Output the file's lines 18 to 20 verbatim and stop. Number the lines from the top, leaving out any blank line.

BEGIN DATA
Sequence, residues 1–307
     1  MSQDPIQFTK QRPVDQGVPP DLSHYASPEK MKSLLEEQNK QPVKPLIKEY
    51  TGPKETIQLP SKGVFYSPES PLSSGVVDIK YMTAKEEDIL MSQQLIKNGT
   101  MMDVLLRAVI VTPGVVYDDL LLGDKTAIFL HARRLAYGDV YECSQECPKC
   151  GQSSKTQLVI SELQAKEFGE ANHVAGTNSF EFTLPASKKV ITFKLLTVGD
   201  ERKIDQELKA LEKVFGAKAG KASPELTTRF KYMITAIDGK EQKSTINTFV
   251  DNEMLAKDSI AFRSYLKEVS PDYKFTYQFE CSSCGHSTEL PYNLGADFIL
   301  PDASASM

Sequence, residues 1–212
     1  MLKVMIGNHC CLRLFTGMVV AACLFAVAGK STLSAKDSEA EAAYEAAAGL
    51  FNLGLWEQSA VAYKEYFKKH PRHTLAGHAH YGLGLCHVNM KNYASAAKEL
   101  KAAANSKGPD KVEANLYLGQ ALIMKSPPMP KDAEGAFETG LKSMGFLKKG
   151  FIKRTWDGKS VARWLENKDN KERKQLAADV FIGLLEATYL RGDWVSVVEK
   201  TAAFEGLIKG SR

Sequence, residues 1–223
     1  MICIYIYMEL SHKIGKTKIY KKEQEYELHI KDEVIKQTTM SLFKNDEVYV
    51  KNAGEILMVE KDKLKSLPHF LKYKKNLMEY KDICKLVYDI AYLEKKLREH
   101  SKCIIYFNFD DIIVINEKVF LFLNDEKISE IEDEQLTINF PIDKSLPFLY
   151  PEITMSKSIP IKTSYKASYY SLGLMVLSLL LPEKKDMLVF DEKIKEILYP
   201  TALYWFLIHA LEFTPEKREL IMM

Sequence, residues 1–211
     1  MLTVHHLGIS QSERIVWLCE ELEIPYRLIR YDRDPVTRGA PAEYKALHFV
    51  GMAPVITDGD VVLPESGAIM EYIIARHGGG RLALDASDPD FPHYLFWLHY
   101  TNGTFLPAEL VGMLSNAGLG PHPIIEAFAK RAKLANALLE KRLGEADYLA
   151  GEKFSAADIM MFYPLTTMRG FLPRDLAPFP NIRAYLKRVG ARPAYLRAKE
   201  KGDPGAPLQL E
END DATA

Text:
   101  SKCIIYFNFD DIIVINEKVF LFLNDEKISE IEDEQLTINF PIDKSLPFLY
   151  PEITMSKSIP IKTSYKASYY SLGLMVLSLL LPEKKDMLVF DEKIKEILYP
   201  TALYWFLIHA LEFTPEKREL IMM